Survive Reality, Live the Dream

  52. Megan says:

    This is such a candid blog post, I really appreciate how honest and heartfelt this on such a sensitive subject. It really touched me, thank you so much for sharing this with us all!

  53. Thank you so much for your post, truly touching. My dad is bipolar with schizoaffective disorder, and it has been quite the ride. I myself suffer from major depression and anxiety, and on two occasions have attempted suicide. It takes a lot to move on, and having inspirational people like Mr. Fry who live with mental illness and succeed help the rest of us know there is hope for us. Thank you again, and my heart goes out to you for your loss.

  54. I think society is designed to give us all mental health problems! There is a lack of support for mental health and too much support for pysical health. Western culture is wrong for this! Ancient civilizations understood the power of the mind before colonialism and plunder! Some people have stronger links to their emotions than others!

  55. sunnydelay says:

    Thank you for the sensitivity and honesty. I have a bipolar schizophrenic brother who attempted suicide years ago, and is living one day at a time now. I just wrote about it in my post “when love hurts”. It’s providential to have come across your post, just when I was thinking about the experience of loving someone who is bipolar. It’s a great comfort to find others who have had similar experiences, and have the courage to share the story. Yours is beautiful and bittersweet.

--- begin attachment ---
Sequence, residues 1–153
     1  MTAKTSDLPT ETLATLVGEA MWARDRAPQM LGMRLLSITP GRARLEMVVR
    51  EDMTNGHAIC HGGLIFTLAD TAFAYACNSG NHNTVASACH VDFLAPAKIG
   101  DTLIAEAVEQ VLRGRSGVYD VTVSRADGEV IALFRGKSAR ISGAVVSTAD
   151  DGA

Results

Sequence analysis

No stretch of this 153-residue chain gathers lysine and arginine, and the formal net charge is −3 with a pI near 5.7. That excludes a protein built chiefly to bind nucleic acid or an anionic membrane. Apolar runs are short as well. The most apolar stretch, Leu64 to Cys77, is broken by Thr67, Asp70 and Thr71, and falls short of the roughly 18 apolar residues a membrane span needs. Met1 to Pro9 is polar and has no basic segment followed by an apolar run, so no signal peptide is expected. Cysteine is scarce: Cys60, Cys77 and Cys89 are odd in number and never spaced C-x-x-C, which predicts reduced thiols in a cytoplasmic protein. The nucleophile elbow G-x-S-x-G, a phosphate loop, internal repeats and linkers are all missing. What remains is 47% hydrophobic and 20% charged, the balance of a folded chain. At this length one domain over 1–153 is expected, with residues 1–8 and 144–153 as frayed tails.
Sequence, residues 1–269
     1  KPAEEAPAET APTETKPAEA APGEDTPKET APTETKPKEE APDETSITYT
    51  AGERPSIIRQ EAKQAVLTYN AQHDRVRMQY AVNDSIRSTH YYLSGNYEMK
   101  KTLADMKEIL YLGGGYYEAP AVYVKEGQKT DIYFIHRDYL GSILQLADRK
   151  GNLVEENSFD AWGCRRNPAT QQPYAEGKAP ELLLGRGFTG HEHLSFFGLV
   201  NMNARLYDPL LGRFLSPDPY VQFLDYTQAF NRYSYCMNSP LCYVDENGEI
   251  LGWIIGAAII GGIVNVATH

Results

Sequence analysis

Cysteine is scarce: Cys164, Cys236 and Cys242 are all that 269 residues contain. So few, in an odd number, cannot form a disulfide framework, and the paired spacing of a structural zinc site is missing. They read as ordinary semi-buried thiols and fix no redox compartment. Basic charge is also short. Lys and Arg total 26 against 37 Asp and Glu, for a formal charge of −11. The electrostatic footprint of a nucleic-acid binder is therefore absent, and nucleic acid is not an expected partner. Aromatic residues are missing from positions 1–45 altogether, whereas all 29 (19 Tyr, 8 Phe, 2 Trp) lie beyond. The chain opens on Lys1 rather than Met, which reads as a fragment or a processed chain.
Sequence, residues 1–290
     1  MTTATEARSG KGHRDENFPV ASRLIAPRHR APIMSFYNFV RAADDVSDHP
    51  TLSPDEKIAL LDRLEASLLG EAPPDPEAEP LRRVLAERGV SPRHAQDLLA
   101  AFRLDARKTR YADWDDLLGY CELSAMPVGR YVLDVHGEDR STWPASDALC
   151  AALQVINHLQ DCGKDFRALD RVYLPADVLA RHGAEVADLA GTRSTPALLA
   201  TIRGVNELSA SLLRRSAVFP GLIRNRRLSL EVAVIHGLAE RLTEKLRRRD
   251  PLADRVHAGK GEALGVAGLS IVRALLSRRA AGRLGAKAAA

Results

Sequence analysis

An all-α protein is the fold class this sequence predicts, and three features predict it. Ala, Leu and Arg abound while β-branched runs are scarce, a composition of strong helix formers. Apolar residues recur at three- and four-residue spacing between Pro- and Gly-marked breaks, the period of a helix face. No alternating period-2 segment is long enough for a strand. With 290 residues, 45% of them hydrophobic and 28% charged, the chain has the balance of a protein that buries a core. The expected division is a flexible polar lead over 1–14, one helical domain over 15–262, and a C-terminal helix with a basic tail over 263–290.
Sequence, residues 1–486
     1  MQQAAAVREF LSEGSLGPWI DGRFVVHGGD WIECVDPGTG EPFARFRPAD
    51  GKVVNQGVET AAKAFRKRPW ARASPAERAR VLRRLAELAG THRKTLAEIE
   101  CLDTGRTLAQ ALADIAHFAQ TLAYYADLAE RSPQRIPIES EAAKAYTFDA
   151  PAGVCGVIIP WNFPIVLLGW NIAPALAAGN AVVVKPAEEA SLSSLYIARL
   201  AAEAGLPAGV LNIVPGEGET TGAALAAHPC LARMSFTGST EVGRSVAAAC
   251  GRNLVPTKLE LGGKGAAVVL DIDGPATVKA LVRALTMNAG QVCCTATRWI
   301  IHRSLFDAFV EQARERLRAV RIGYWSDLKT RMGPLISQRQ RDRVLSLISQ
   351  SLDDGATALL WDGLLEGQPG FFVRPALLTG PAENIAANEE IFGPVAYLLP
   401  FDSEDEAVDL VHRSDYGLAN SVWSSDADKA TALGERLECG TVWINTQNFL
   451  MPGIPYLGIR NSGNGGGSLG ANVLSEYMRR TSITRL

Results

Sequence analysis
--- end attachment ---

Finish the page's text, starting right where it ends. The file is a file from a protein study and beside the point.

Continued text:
56. reddog766 says:

    Those who have left through the side window have rarely been confronted by the desire just once and there are no guarantees that the those of us who have already survived will not embrace the hoped for (promised?) relief next time…it takes takes great courage to go on, greater than most can know…sometimes the BlackDog just turns up when we’ve run out of courage. Bless you for holding your Father’s memory so fondly, this too takes enormous courage Sadie. May your beautiful recollections further your healing. Respect, REDdog

  57. A beautifully written tribute.

  58. I have recently been diagnosed with bi-polar disorder. In a way it was a relief to final have an answer to what was wrong with me. When I saw the movie, The Silver Lining Playbook, I started to hyperventilate and then cry, I realized watching that movie that I really had this terrible disease. But the good thing is I starting getting help. This disease is a terrible thing to live with but through talk therapy and medication I am getting better. My hope is that the stigma of mental illness with lessen with time and more people will be comfortable with getting the help they need.

    I was very sorry to hear about your father. I hope your good memories of him comfort you when you are missing him.

  59. Jesus Salas says:

    Beautiful open and real. Thanks for this.

  60. samzjewelz says:

    Thank you for your blog – reading this reminds me so very much of my dad who also had bi-polar. How you describe your dad is also how I could describe mine, as in he could be a cheeky/charming, or also a person that some would fear (certainly when he was in his ‘violent phase’, for people that dont undertand bi-polar, or knew that he had it). Also like you, there is no anger, just a lot of love and sady, regrets too.
    This has also inspired me to want to write a blog about my dad too…….I think there is so much people dont understand about bi-polar – until you know or love someone with it of course. I wish there was more awareness about it…..but people like Stephen Fry do also help prove that just because someone has a mental illness, does not mean they cant be a loveable/likeable person, which is only a good thing. Thank you again for your blog………

  61. aerobabe619 says: